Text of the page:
A Not-for-profit program for students, scouts, campers, homeshcoolers , etc. to exhibit and participate competitively to recognize ingenuity and an interest in science and engineering (STEM).
Click Here To Make a
Tax-deductible Donation

Make It All About Marbles

           STEM Camp / Vacation Bible School - Marble Track Challenges

Camps and Vacation Bible Schools are an ideal setting for challenging teams to build a Marble Track using the Deluxe Marble Track Kit. Even more effective, I suggest you make each day a team competitions-Who Can Build The Best...." using the Super-Marble Track Kit. 
The following suggestions for daily challenges are designed to build on track building skills learned from the previous day's activity.  Teams may find the Loop-de-loop the biggest challenge.
I have also included Laws of Motion and Physics talking points at the end. 

Challenge #1   build a Straight-aways

Basic to all DIY Marble Track projects is the art of building track that is perfectly straight, rails level with each other and running parallel. To master this skill construct a track on a flat surface using lots of rail clips to support the track. You can also build the straight-away track on spacers attached to dowel rods. Test the track with a marble by slightly elevating one end of the track. You can witness the law of transfer of energy* on a straight-away by resting three or four marble, touching each other at the end of the track, and releasing a marble from end that is elevated, to collide with the resting marbles. 


Side-by-sideRacing.jpegChallenge #2  create a Slope or a Hill

To construct slope or a hill, shape the track to the desired curvature before attaching it to the spacers. Hold both track rails together and apply pressure with your thumbs and fingers every few inches. Next, beginning at the starting point of the track, attach one of the track rails to the spacers on the dowel rods. Then attach the second rail matching the profile of the first rail. The invisible forces of gravity become visible when you let go of a marble at the top of a slope - seeing the marble accelerates. The higher the starting point and slope the greater the acceleration.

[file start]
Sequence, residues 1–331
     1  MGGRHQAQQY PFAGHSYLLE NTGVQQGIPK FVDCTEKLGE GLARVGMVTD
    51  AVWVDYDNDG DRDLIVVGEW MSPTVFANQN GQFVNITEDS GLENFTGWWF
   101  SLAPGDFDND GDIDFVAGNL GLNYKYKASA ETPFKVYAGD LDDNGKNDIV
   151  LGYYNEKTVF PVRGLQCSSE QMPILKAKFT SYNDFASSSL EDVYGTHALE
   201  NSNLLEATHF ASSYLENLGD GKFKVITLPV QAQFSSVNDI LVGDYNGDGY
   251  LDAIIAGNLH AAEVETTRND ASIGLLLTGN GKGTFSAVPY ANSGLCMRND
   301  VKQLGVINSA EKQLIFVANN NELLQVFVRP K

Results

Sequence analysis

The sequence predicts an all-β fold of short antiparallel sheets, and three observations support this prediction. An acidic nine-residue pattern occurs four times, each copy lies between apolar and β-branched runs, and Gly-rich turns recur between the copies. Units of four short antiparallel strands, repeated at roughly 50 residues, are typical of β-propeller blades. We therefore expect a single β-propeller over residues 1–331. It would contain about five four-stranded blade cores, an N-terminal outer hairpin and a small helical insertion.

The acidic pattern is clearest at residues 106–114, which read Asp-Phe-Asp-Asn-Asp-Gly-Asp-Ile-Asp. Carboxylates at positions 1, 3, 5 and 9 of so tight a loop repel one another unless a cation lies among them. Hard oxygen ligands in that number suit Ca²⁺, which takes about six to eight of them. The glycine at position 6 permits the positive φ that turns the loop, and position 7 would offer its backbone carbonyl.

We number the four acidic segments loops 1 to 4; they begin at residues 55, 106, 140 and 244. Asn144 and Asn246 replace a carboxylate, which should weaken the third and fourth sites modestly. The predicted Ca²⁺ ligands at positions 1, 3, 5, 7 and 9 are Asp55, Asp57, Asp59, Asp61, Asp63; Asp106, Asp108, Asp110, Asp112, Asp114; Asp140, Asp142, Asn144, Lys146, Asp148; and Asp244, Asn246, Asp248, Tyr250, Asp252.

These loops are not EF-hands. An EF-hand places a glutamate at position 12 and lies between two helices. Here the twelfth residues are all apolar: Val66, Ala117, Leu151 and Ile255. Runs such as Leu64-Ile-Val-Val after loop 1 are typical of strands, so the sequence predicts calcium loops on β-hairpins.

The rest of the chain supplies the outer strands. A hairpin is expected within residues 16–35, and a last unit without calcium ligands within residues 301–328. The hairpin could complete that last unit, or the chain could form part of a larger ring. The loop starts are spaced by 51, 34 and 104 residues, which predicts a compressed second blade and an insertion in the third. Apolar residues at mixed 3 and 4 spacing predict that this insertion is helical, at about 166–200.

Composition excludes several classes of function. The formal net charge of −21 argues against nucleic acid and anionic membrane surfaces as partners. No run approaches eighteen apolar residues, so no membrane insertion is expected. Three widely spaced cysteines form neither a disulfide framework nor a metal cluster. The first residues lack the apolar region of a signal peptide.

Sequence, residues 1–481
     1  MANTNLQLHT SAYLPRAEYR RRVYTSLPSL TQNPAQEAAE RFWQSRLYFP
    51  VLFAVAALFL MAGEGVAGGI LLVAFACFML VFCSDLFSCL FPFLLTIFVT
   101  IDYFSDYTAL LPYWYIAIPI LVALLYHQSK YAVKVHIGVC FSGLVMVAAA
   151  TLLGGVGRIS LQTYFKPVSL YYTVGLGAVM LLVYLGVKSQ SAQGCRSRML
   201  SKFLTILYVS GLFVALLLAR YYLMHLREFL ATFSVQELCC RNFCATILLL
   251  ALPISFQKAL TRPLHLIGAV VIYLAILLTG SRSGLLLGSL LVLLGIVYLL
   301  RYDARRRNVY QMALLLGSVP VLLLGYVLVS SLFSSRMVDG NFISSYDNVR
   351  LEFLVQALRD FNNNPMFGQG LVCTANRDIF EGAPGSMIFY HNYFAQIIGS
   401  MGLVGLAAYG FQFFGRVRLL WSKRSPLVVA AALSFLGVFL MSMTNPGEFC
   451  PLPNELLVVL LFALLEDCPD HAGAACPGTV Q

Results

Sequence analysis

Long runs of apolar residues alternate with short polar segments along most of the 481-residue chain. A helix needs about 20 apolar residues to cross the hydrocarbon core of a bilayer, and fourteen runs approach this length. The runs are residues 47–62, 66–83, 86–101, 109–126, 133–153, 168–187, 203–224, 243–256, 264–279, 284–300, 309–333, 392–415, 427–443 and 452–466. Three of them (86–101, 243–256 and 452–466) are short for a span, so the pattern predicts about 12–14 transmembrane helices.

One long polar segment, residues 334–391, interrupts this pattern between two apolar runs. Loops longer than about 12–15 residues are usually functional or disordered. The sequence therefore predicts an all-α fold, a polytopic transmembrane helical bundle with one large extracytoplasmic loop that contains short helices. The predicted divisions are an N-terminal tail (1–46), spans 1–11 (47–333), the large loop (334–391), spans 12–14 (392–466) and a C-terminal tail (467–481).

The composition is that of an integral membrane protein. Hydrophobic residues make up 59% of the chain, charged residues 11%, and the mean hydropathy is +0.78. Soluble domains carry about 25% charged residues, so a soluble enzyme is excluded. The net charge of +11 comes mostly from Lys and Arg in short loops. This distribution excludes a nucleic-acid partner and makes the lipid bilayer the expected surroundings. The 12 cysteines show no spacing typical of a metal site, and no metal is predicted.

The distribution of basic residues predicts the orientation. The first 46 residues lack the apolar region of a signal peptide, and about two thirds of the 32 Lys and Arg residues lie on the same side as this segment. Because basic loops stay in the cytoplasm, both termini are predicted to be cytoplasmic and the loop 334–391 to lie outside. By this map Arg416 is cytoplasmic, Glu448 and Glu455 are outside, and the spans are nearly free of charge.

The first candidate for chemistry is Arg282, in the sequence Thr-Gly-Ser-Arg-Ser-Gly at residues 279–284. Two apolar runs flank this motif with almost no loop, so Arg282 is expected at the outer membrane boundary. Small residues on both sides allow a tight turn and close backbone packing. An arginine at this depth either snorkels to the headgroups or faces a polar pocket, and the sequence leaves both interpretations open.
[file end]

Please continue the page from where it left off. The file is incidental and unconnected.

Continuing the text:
Challenge #3  Build a Dual track

Pictured above is a side-by-side dual track, with a gradual slope and a straight-away track for racing marbles. The dual track is constructed with two spacers assembled together (Fig 4) and attached to each dowel rod.  If you have enough track supplies you can build a race track with starting points at both ends of the track.

 Challenge #4 CREATE a Jump ramp

To create a Jump Ramp, (Track #1 in picture below) that launches a marble airborne to a container past the end of the track, angle the end of the track upward at a 45-degree angle. You will need a container to catch the marbles.






 Challenge #5 CircleTrack.jpegCreate circles and Corner turns

CircleSideView2Spacers.jpegTo create a Circle, set out dowel rods B and C as shown here to support the circle.  Two spacers should be attached to dowel rod B. Sketch a drawing, mapping the route of the track from the beginning, around a 360-degree circle and to the end. Refer to you sketch as you layout the track, loosely shaping both rails at the same time, before attaching the rails to the track.

Attach the inside track first, then the outside track. Test the track often with a marble from the beginning.  Add extra rail clips around the circle to keep the track running parallel.  Angle spacers B and C upward so the outside rail provides a bank to keep the marbles from flying off the track.